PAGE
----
Debt Collection In The Digital Age
Nationwide, one-third of Americans hold at least one debt that is in collections, so it’s safe to assume that debt collectors are pretty busy. Over the years, debt collectors have shifted their tactics. While they still send letters and harass people with phone calls, some are now incorporating other forms of communication such as text messages and social media. If you’ve ever fallen behind in payments, you know that being harassed by these folks can make your life miserable. Let’s take a look at the changing landscape of the debt collection industry and what you can do to stop the harassment.
If you are overwhelmed by debt and being harassed by debt collectors, filing for bankruptcy can stop them in their tracks. Contact Sirody & Associates for a free consultation.
The Debt Collection Landscape
The Consumer Financial Protection Bureau reports that debt collection complaints comprise almost fifty percent of the more than one million complaints that the agency receives annually. And, with the continued continued increases in credit card and medical debt, we don’t expect this stat to change in the near future. Although laws are in-place to protect consumers from debt collection harassment, the debt collection industry continues to adapt tactics and expand its reach in order to meet its goals.
Debt collectors used to limit their actions to inundating struggling consumers with paper letters and frequent phone calls. Now, some collectors have resorted to sending harassing text messages or trolling debtors on social media platforms like Facebook and Twitter. Debt collectors who use social media as a means for harassment are acting outside of the law, but that doesn’t always stop them. And while text messages may be annoying and embarrassing, the laws don’t actually specifically prohibit any one form of communication, with the exception of postcards.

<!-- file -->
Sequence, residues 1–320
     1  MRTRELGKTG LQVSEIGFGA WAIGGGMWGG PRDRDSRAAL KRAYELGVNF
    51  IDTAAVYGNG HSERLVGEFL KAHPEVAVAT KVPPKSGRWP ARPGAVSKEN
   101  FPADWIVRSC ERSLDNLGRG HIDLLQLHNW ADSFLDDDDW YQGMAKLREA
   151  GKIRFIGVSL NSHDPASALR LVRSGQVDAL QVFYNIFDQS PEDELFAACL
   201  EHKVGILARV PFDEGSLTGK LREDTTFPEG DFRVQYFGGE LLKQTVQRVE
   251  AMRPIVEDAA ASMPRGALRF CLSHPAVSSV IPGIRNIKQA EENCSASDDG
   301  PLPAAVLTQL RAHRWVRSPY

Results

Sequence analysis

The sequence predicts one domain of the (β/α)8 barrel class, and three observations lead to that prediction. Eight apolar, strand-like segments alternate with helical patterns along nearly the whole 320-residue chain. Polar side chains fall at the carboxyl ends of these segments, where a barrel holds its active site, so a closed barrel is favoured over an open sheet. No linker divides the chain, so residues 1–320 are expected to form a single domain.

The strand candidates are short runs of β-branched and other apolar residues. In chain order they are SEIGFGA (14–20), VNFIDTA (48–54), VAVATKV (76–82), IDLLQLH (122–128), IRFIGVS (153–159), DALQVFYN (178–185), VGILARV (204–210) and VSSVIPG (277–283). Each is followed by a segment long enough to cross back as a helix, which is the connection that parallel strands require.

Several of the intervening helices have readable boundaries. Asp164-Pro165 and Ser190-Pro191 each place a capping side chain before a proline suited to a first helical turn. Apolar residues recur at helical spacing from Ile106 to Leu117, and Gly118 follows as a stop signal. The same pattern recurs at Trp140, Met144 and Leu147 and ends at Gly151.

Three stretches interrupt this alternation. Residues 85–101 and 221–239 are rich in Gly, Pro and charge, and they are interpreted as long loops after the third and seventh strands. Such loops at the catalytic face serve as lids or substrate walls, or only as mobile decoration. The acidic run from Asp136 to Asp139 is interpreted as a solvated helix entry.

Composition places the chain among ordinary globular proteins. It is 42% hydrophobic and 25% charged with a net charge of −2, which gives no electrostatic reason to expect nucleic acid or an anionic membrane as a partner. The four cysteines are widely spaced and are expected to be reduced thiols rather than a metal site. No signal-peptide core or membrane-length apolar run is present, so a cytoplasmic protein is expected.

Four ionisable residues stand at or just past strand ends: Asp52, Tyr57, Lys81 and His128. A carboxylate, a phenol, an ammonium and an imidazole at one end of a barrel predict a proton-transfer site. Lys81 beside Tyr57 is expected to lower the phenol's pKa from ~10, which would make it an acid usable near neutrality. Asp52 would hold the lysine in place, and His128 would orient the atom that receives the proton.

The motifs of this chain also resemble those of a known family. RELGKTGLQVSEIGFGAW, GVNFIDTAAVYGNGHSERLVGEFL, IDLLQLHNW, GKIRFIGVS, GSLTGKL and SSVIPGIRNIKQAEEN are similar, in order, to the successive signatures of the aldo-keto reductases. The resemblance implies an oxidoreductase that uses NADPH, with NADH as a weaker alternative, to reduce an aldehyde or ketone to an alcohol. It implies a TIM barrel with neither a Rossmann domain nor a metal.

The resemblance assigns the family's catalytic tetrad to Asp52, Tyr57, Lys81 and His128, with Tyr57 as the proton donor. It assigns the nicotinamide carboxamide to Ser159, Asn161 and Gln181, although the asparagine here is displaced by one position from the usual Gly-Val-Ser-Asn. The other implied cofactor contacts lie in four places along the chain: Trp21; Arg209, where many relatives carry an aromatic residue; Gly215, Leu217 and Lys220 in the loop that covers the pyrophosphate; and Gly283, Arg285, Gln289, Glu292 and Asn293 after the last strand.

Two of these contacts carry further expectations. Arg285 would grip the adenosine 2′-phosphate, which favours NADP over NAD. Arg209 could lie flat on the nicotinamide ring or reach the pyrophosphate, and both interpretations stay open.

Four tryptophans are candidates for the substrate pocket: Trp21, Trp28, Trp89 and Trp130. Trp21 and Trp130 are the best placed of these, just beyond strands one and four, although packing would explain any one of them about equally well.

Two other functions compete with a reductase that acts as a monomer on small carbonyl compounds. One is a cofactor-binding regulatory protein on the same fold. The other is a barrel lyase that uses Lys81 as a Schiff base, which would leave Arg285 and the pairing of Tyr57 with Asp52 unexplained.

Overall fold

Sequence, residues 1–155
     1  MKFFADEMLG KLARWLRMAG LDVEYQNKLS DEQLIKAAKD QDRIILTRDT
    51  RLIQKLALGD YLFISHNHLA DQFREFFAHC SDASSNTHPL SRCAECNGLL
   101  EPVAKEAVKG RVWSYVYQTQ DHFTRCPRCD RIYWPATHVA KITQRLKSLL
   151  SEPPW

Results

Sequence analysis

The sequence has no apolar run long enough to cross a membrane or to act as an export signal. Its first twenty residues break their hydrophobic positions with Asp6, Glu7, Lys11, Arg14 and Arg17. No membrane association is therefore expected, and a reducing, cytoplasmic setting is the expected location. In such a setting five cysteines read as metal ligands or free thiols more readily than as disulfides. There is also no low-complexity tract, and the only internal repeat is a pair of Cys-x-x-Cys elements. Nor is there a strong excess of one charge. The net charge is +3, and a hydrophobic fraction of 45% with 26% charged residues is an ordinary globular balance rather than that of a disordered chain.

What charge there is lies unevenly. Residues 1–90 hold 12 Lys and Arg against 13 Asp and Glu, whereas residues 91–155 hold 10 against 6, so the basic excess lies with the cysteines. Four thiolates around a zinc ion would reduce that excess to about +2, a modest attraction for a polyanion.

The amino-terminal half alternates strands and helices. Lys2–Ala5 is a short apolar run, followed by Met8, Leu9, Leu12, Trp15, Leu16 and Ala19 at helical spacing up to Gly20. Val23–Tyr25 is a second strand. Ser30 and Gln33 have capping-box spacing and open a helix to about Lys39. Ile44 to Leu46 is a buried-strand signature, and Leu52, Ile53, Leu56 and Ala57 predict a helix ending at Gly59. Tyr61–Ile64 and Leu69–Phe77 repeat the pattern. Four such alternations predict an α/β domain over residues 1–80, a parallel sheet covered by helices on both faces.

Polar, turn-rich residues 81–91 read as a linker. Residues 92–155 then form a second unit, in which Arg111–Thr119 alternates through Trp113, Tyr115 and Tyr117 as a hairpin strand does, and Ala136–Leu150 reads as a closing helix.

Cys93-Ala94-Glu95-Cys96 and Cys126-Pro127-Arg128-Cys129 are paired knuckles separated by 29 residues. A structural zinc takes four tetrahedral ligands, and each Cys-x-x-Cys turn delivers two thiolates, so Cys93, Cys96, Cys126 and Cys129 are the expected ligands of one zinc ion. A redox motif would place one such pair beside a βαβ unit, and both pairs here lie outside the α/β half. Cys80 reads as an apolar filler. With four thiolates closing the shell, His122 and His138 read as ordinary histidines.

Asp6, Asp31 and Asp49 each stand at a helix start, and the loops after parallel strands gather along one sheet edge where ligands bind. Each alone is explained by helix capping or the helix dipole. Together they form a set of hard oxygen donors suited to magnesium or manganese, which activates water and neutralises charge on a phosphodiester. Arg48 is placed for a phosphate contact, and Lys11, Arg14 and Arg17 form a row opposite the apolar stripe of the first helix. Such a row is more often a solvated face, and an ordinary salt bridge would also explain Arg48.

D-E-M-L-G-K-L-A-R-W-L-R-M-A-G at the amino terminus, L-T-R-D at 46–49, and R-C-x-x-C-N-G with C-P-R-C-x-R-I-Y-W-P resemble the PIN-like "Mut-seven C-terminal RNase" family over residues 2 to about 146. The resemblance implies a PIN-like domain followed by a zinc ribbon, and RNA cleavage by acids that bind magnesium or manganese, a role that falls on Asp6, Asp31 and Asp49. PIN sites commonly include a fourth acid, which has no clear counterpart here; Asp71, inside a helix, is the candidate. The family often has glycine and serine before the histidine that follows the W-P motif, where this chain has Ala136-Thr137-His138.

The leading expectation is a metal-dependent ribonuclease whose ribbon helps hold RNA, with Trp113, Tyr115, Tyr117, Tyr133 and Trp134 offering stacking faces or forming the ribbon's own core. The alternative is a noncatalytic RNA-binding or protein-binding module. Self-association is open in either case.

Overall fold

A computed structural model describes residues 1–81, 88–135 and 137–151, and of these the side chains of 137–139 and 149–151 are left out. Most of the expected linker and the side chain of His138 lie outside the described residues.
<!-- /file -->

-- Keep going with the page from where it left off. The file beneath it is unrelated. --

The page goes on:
Know Your Rights
If you’re being harassed by a debt collector via phone, social media or on any platform, it’s important to know your rights. The Fair Debt Collection Practices Act (FDCPA) offers protection against repetitious or annoying phone calls, misrepresentations such as someone posing as an attorney or threatening legal action or arrests, and much more. If you believe that you are being harassed by a debt collector or debt collection agency, you can submit a complaint online or contact your state’s attorney general to submit a complaint.
The Upside Of New Technologies
Although the debt collections landscape is changing, it doesn’t necessarily mean that it’s all bad news. In April 2017, the credit reporting agency Experian rolled-out a new program called eResolve to enable debtors to resolve and negotiate debts and past-due balances digitally – without ever speaking with a debt collector. TrueAccord is another digital debt collection platform.
Bankruptcy Can Help
Filing for bankruptcy can enable you to stop debt collectors and reorganize your financial future. As soon as you file for bankruptcy, a court order called the automatic stay will immediately stop any debt collection efforts against you by any creditor or agency. The automatic stay will also immediately stop most civil lawsuits filed against you. If your property or essential services such as utilities are at risk, or you are being threatened with wage garnishment, bankruptcy can often offer protection. Learn more about how bankruptcy can help eliminate your debts and give you a new financial start. Contact Sirody & Associates today.